Georgics IV ad fin.
I am not in the habit of opening the pages of my well worn copy of Vergil to see what I find doing a Roman style I-Ching. But I was surprised this afternoon when the words of the poet Vergil leaped off the last page of the fourth book of the Roman "Old Farmer's Almanack":
"Haec super arvorum cultu pecorumque canebam
I recited these things on agriculture and animals,
lines 1-2 refer to Roman agriculture, which had not yet received definitive greenhouse warnings , despite centuries of reducing of silver ore by burning lead into the atmosphere. How warming will affect agriculture is still not proved, hence ignored as hypothetical by those whose logic says: "Wait and See!". Decline of agriculture in the 7th c. is an example of what can happen.
Caesar. . . magnus is not the historical Julius but like the Kaiser just official terminology, the head man or President of a country, whether imperial Rome as concerned with the source of the all-important olive oil, or the Administration of another age holding a desperately serious grip on another oleaginous supply.
Euphraten. Formerly a much broader river hence altum like the Amazon, which was the scene of various foreign invasions, and now the Roman.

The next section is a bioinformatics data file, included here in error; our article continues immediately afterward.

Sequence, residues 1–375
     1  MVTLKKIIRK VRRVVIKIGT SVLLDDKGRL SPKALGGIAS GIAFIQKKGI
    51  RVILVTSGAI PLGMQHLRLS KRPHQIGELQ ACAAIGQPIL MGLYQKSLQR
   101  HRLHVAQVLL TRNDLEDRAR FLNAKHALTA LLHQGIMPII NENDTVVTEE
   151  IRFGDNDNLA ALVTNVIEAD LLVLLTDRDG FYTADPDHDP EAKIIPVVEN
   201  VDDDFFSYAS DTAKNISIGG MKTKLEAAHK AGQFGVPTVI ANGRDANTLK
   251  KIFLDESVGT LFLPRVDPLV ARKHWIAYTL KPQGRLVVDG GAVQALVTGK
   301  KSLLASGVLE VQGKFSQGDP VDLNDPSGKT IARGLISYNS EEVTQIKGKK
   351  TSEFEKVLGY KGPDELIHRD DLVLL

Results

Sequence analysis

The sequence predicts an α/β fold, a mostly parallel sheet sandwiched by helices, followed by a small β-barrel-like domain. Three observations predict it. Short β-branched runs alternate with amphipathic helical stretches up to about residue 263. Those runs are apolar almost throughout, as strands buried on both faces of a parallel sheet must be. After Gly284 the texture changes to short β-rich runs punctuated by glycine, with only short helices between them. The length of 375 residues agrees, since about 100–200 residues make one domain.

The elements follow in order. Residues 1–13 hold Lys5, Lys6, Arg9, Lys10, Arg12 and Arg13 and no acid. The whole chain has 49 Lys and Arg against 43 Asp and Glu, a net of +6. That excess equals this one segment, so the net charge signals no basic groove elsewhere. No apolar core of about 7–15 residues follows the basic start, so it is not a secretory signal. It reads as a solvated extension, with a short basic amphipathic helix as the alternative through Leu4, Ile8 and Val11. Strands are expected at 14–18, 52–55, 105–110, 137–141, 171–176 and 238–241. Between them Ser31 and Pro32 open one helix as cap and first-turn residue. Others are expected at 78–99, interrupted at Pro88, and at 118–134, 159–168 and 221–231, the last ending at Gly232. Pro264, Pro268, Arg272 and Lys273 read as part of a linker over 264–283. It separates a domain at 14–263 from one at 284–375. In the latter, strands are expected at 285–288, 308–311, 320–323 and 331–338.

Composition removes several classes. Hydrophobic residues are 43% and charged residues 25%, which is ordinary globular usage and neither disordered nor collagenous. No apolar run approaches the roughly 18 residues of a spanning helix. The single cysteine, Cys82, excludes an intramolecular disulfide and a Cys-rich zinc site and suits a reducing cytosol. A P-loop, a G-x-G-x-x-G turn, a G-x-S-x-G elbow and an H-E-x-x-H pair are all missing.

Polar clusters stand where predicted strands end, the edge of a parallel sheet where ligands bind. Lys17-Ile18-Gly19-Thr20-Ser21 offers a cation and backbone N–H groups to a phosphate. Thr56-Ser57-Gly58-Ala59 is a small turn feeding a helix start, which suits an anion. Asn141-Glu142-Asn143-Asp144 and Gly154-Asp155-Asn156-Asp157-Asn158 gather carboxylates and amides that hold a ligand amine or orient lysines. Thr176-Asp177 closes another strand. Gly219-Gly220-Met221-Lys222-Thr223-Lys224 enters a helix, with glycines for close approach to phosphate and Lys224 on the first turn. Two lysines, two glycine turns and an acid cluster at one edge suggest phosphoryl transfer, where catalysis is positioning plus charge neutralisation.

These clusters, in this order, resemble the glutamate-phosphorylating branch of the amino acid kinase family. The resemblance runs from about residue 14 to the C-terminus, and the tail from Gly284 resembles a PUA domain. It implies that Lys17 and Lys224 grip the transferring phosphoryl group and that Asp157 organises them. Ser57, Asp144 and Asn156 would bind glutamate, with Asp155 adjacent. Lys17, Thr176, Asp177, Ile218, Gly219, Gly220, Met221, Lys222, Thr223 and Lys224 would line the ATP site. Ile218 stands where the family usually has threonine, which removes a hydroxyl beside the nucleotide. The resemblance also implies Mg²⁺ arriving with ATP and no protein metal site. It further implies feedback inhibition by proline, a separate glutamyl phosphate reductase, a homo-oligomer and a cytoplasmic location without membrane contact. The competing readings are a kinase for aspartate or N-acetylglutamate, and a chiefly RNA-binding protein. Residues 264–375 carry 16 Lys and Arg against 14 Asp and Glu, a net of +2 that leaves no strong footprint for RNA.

fulminat. Shock and Awe are suitable drip down terms for the lightening blast of . . . Jupiter? Sorry that was just Caesar, acting officially as the President, calling himself in wartime the 'Dictator', where another would say 'Decider'.
volentes Happy and dancing in the streets, this is always the way victors like to see conquered tribes, now aspiring to a higher level of civilization. When they do not comply, another war is the standard cure ending in a Masada like victory.
Dat iura, the usual prophasis for civilizing inferior peoples who will inevitably revert to Anarchy unless protected from their own tribal ignorance, and instituting a mock-Democracy.
Viam. . .Olympo is the high road into Heaven or what we would call 'A Great Legacy'. It is otherwise known as political immortality in the history books of future generations. But not all Romans trod this route or "via" , which a few said was nothing more than Cemetery Avenue or the Via Appia on which you went out of Rome, as a lame duck Claudius found out somewhat later to his dismay.
Sunt aliquid sortes Virgilianae. . . . ?